14 February 2008

Chocolate (plants) for Valentine's Day

Happy Valentine's day, for those inclined to celebrate it. In between weather tantrums here and some electrical and internet interruptions, I skipped over to the Canadian weather website to have a look, and look at this! My country is turning itself into a Valentine! Those red provinces and territories all indicate weather warnings. That's us over here on the east coast (right hand side of the image, the last piece attached to the continent). The only places not indicating severe weather right now are southern Ontario, British Columbia and...Saskatchewan? Whew...Kate must be getting a bit of a respite. Here, we've gone from snowstorm this morning to torrential rains tonight. It's enough to make a person completely scream, and reach for the chocolate.

What do you mean, there's no chocolate in the house at the moment? Okay, what about outside?

Last spring, I started building a chocolate and wine garden. These are two of my favourite things, although I don't allow myself much of either. Wine clashes with a prescription I must take, and chocolate--well, I like high quality dark chocolate, and that gets pricy. So to feed my craving another way, I thought it would be fun to put in some chocolate and wine themed plants. We won't bother with the wine plants right now, but come along and have a look at what's tempting for the chocolate lovers among us.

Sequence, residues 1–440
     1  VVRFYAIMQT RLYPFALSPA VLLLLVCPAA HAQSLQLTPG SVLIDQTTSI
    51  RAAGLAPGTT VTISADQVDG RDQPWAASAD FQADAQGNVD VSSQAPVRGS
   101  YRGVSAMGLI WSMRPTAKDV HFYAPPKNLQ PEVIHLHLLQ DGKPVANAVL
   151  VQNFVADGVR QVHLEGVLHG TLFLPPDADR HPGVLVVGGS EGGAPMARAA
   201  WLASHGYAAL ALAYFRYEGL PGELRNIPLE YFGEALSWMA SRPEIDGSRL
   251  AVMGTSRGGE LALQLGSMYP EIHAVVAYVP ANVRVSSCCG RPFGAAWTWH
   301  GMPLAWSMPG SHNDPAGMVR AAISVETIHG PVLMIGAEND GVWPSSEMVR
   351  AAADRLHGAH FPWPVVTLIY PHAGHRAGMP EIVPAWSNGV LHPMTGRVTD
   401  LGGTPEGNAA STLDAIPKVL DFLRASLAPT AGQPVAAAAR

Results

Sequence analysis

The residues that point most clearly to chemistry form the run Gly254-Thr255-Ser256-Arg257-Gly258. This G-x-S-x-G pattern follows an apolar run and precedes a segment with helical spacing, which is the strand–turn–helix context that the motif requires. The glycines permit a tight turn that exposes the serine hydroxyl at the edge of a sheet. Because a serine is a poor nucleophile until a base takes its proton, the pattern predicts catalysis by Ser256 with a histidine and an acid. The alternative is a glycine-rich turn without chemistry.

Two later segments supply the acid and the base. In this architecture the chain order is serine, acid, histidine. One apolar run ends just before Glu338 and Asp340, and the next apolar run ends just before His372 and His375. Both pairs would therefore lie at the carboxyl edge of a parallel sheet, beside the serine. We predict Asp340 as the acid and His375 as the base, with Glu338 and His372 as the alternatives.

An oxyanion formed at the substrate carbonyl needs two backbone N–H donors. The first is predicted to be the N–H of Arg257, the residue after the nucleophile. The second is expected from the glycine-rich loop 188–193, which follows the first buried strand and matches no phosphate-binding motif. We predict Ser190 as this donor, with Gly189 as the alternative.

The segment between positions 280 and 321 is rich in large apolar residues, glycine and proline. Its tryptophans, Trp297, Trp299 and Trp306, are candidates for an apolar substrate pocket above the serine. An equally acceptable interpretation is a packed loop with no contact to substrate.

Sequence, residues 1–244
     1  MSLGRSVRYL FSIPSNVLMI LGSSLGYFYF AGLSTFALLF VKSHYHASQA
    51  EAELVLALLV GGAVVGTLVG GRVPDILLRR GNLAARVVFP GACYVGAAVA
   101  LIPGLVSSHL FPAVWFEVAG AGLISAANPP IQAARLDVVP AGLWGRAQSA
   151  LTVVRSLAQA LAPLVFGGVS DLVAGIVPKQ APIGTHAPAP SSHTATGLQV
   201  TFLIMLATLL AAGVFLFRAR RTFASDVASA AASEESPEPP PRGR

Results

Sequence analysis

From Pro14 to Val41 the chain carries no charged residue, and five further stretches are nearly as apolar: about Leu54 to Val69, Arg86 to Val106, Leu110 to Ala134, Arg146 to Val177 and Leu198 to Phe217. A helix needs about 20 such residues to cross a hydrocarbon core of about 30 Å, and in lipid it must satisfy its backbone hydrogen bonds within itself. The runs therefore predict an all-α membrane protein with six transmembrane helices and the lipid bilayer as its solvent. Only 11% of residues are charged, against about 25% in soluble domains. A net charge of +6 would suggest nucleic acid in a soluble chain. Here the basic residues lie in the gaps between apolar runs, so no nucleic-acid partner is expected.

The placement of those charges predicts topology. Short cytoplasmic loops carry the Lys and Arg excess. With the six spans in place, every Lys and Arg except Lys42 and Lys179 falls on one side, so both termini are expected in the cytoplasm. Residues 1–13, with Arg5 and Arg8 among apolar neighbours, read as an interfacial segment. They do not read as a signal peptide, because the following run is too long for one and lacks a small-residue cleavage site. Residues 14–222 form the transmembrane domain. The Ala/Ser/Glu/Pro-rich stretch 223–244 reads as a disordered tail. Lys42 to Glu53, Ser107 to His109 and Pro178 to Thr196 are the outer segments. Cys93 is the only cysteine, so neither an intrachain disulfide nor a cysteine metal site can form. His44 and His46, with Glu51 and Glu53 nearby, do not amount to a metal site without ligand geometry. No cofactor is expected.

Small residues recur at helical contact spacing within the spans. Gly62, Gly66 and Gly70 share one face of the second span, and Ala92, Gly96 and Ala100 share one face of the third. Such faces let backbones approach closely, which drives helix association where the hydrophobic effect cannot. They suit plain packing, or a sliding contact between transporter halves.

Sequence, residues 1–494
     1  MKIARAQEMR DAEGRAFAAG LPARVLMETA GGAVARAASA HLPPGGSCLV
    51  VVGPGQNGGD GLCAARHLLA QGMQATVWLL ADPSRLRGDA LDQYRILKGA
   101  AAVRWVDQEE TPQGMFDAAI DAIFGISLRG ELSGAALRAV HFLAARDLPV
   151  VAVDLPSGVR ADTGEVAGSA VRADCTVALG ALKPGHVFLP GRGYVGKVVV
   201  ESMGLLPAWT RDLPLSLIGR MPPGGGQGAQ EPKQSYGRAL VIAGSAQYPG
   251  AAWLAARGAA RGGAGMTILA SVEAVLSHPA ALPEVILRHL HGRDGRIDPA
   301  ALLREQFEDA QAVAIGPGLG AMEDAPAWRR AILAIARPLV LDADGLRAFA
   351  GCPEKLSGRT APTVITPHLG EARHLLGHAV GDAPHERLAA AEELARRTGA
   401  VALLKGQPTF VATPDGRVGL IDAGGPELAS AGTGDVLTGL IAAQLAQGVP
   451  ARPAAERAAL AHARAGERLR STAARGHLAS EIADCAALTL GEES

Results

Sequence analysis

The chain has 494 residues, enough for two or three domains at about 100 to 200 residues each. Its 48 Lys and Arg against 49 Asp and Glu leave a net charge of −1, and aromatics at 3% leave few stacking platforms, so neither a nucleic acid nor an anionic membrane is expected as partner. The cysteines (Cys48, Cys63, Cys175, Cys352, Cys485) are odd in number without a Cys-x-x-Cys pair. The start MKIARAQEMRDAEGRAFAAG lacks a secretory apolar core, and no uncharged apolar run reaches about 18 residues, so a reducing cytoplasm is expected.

One of the first plants I got that had chocolate in its name is Eupatorium rugosum 'Chocolate'. Also known as Joe-pye weed and mistflower, this is a highly recommended plant for butterfly gardens. I find it likes it a little drier than its native kin, but it's done nicely for us.

There are so many heucheras out there, and many of them have food-connected names--I think those are usually from Terra Nova Plants out in Oregon. This one is 'Frosted Violet', and a star performer it's been for me; it grew enormously this past year and looked great right into autumn--though I haven't seen it for several months due to the big drifts of snow covering it--and most of this part of the garden!

If you're craving more chocolate and more heuchera, look no further than 'Chocolate Ruffles' heuchera. There seems to be a bit of variation in how rich the colour shows in this plant, but I'm quite smitten with heucheras so I don't care--it settled in nicely and next year who knows what it will look like?

I love most cranesbills, with one of my favourite being Geranium phaeum, the mourning widow cranesbill. The deep chocolatey flowers last a long time, and last year I got my hands on G.p. 'Springtime', which has marvelously coloured foliage too.